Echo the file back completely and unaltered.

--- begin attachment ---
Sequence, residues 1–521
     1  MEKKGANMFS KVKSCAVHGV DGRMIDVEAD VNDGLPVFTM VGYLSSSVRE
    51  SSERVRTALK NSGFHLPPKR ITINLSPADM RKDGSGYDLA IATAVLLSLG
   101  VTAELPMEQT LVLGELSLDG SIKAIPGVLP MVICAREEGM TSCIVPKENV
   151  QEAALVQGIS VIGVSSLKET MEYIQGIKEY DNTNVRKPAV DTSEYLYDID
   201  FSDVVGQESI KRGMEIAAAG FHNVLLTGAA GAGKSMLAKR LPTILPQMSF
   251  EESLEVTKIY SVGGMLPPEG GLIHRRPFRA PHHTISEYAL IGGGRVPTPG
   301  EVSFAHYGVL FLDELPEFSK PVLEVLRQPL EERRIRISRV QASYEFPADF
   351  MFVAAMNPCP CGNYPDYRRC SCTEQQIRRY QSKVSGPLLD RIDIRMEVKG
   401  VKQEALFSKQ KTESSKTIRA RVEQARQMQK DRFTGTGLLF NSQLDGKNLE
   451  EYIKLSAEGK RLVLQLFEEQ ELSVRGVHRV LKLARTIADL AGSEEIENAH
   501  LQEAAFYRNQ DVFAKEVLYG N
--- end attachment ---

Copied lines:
Sequence, residues 1–521
     1  MEKKGANMFS KVKSCAVHGV DGRMIDVEAD VNDGLPVFTM VGYLSSSVRE
    51  SSERVRTALK NSGFHLPPKR ITINLSPADM RKDGSGYDLA IATAVLLSLG
   101  VTAELPMEQT LVLGELSLDG SIKAIPGVLP MVICAREEGM TSCIVPKENV
   151  QEAALVQGIS VIGVSSLKET MEYIQGIKEY DNTNVRKPAV DTSEYLYDID
   201  FSDVVGQESI KRGMEIAAAG FHNVLLTGAA GAGKSMLAKR LPTILPQMSF
   251  EESLEVTKIY SVGGMLPPEG GLIHRRPFRA PHHTISEYAL IGGGRVPTPG
   301  EVSFAHYGVL FLDELPEFSK PVLEVLRQPL EERRIRISRV QASYEFPADF
   351  MFVAAMNPCP CGNYPDYRRC SCTEQQIRRY QSKVSGPLLD RIDIRMEVKG
   401  VKQEALFSKQ KTESSKTIRA RVEQARQMQK DRFTGTGLLF NSQLDGKNLE
   451  EYIKLSAEGK RLVLQLFEEQ ELSVRGVHRV LKLARTIADL AGSEEIENAH
   501  LQEAAFYRNQ DVFAKEVLYG N